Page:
A flaw in Google Chrome has been draining the battery life of Windows laptops and tablets by making the CPU work much harder than it has to, and it has been doing so for quite a while.
When a machine is idle with Chrome left open, the browser’s bug forces the processor to wake up as often as 1,000 times per second. By comparison, Windows would only force a CPU to do that 64 times per second. Perhaps even more frustrating is the fact that this flaw has been known about since 2010. Keep in mind that the issue is specific to Windows-based devices, so if you’re using Chrome on a MacBook or Chromebook, you’re in the clear.
This bug report says that Google Chrome “has no system clock tick interval management. Just increases it and keeps forever.” It even cites Microsoft documentation which says that increasing the system clock tick interval is a bad idea when it comes to preserving as much battery life as possible.
“If the system timer interval is decreased to less than the default, including when an application calls timeBeginPeriod with a resolution of 1 ms, low-power idle states are ineffective at reducing system power consumption and system battery life suffers,” a Microsoft page states. “System battery life can be reduced as much as 25 percent, depending on the hardware platform.”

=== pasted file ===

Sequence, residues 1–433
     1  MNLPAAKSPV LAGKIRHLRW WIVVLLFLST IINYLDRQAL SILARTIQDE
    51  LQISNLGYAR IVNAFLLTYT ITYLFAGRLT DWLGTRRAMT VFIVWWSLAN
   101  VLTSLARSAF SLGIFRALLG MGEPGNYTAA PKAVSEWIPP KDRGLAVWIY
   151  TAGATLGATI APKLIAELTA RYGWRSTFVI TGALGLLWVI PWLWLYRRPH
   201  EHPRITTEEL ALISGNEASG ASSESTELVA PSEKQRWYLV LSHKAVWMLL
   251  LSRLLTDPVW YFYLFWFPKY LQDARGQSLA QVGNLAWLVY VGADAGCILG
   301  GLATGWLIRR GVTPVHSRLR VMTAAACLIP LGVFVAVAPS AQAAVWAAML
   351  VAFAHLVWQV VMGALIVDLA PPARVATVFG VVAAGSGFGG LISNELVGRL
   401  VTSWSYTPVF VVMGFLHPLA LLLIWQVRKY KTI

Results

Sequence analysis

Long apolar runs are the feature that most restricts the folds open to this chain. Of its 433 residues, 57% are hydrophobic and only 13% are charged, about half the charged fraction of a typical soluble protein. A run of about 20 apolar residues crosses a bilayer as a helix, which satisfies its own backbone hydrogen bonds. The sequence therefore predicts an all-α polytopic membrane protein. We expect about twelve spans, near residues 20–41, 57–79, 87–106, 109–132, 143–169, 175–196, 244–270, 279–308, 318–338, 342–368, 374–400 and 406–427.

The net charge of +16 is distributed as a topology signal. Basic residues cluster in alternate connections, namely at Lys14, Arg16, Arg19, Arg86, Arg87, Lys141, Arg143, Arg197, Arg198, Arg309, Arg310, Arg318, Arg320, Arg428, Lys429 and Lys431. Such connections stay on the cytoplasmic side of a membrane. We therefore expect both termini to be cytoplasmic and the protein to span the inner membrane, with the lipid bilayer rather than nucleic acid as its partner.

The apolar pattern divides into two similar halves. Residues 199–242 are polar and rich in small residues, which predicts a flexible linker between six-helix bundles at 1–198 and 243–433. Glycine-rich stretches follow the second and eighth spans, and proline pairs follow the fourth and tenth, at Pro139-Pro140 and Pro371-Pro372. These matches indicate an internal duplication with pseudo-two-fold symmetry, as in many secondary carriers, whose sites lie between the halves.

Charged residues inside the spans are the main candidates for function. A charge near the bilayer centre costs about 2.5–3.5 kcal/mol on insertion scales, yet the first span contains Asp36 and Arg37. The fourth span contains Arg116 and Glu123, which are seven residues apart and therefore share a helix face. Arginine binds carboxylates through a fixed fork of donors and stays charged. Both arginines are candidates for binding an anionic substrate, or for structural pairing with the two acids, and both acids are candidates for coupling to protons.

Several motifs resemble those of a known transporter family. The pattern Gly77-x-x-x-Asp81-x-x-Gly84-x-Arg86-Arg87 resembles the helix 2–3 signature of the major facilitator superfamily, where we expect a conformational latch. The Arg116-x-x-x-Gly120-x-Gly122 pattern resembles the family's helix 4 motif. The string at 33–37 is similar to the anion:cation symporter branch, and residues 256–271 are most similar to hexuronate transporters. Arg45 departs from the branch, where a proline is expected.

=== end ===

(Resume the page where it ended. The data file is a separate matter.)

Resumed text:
Thankfully, Google is already at work on a fix for the bug. However, it’s unclear when it will be rolled out.
In the meantime, if you’re using a Windows laptop or tablet and you value its battery life, you might want to temporarily switch to another Web browser like Opera, Firefox, or Internet Explorer.
- Google adds tablet-friendly features in the latest Chrome OS 64 build
- Google Assistant one step closer to marrying Chrome OS, report says
- Microsoft Office suite finally arrives on Chromebooks via Google Play Store
- Google’s new recommendation program showcases the best phones for business
- Google found another critical security flaw in Microsoft Edge